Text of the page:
The High Court has rejected a decision by Nairobi Governor Mike Sonko to ban public service vehicles (matatus) from accessing the city centre.
Governor Sonko started enforcing the restriction on Monday, as part of plans to decongest the central business district, but suspended it on Tuesday after the public and business people in the matatu industry complained. Some politicians also opposed the move, noting it requires proper planning.
Lady Justice Wilfida Okwany said that Monday’s ban caused a great inconvenience to the public and dented the economy.
The judge further noted that that it is not clear how long the decision by the Governor to lift the ban will last and therefore it’s necessary to issue the orders.
The orders from the High Court are to stay in force until the December 11 when the matter will be mentioned.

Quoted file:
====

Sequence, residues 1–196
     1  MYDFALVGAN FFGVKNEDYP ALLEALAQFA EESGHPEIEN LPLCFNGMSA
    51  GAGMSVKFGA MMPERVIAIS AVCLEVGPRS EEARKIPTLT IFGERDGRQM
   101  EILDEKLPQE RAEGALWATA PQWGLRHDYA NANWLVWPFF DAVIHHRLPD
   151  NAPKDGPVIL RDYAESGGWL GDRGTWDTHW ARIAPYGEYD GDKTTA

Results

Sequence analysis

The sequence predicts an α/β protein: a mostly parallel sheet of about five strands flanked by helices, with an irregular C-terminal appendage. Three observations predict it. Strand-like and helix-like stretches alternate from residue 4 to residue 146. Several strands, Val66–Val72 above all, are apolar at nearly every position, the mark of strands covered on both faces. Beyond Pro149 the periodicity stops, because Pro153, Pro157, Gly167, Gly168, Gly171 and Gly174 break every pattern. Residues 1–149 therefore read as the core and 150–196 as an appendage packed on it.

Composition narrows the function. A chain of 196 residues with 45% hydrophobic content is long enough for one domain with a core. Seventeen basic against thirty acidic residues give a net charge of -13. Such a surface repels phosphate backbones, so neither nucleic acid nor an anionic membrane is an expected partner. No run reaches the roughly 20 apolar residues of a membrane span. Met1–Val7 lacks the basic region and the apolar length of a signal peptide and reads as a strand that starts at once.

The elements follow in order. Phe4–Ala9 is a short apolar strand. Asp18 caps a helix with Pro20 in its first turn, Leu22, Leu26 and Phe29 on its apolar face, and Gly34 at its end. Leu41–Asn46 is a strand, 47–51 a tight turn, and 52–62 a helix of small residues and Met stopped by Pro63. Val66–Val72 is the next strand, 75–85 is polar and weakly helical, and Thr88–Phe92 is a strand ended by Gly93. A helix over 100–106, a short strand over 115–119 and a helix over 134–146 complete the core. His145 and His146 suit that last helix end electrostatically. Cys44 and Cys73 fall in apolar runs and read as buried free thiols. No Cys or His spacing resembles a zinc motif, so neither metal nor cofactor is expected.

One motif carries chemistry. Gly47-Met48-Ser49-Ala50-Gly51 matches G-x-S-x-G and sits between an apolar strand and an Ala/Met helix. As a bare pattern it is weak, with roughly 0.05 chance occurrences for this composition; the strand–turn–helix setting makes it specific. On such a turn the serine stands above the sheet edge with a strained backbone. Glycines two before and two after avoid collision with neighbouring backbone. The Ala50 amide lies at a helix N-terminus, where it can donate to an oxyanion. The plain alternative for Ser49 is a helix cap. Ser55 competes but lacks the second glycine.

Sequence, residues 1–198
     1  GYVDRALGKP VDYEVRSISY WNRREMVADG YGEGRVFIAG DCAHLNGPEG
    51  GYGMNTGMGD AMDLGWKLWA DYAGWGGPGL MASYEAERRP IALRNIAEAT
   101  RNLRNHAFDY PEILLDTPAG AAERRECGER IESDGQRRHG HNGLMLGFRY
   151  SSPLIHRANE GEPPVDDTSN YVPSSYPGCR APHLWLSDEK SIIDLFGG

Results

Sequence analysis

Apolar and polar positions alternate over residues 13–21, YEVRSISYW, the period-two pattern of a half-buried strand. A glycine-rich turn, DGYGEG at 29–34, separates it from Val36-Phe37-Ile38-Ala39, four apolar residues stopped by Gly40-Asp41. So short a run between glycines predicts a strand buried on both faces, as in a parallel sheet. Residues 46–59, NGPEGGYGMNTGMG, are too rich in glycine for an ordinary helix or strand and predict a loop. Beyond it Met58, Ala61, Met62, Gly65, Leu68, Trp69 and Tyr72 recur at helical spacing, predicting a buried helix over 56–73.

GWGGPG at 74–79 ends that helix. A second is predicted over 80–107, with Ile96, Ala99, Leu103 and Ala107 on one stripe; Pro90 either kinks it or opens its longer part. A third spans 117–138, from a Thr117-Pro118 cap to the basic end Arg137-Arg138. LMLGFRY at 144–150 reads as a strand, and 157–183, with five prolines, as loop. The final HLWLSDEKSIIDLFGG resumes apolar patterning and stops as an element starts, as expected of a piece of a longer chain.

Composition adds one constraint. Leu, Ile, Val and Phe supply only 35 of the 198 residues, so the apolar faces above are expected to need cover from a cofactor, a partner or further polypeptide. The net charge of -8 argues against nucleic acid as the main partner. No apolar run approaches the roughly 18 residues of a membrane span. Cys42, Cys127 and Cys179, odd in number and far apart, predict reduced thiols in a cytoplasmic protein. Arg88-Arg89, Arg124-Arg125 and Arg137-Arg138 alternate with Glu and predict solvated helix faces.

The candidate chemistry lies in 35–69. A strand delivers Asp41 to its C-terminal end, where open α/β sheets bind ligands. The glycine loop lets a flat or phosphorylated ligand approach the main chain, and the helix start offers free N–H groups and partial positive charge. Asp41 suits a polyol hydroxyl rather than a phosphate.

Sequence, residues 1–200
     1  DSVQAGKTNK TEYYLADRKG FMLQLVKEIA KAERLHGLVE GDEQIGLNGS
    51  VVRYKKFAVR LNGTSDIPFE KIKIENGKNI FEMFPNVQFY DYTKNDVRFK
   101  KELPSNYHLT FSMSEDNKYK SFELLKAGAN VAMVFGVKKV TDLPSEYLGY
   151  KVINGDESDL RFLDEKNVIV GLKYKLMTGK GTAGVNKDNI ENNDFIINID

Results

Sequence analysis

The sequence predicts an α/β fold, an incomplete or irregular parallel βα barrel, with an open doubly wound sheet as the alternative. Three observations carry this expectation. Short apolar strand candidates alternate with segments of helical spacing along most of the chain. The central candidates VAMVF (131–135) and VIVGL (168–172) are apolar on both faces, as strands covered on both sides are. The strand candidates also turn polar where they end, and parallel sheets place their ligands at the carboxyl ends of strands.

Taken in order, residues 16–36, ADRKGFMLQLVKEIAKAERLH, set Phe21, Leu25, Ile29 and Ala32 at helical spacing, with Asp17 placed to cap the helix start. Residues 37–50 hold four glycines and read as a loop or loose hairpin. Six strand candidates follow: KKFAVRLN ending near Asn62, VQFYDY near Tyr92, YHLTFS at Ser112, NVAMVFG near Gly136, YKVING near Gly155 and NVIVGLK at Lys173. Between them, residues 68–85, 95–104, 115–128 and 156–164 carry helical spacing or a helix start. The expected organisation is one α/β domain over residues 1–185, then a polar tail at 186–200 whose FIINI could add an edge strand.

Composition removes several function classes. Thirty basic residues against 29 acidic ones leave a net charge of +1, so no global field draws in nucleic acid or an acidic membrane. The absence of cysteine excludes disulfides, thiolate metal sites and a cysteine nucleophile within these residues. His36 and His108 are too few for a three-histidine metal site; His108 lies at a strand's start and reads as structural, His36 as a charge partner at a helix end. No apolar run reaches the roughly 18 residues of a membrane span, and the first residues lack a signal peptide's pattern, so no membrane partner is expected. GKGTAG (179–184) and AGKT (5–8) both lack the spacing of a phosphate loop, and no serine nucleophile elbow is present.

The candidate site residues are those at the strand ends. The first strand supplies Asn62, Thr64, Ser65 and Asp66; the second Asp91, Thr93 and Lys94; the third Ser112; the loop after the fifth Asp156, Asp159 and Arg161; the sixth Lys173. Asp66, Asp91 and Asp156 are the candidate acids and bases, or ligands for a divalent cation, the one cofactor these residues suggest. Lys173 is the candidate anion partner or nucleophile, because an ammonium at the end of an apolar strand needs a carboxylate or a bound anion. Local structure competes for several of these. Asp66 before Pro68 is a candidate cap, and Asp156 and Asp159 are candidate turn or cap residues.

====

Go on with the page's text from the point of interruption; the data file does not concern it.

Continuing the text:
Businessman Paul Kobia filed a case arguing that the decision to prohibit PSVs from accessing the Nairobi City is capricious, oppressive, irrational, unreasonable, illegal, unjustified, and unconstitutional and against the rules of natural justice.
Through lawyer Henry Kurauka, Kobia told the court that in 2011, Nairobi Governor Mike Mbuvi Sonko moved to the court to lift a similar ban and was successful.
According to him, the circumstances have not changed to allow him to support the ban and he should not be allowed to ‘blow hot and cold’ when he understands the predicament facing city residents.
“The action will slow and adversely affect the economy because movement of employees, traders, goods and products will be hampered. Further employees who will walk long distances will not be optimally productive,” she said.
Kobia wants the County Government to comply with Articles 10, 35, 40 and 46 of the constitution that allows public participation, transparency, information, accountability, equity, among others in making critical decision affect citizens.
He also wants the governor to issue reasonable and adequate notice to the commuters prior to the implementation of the ban.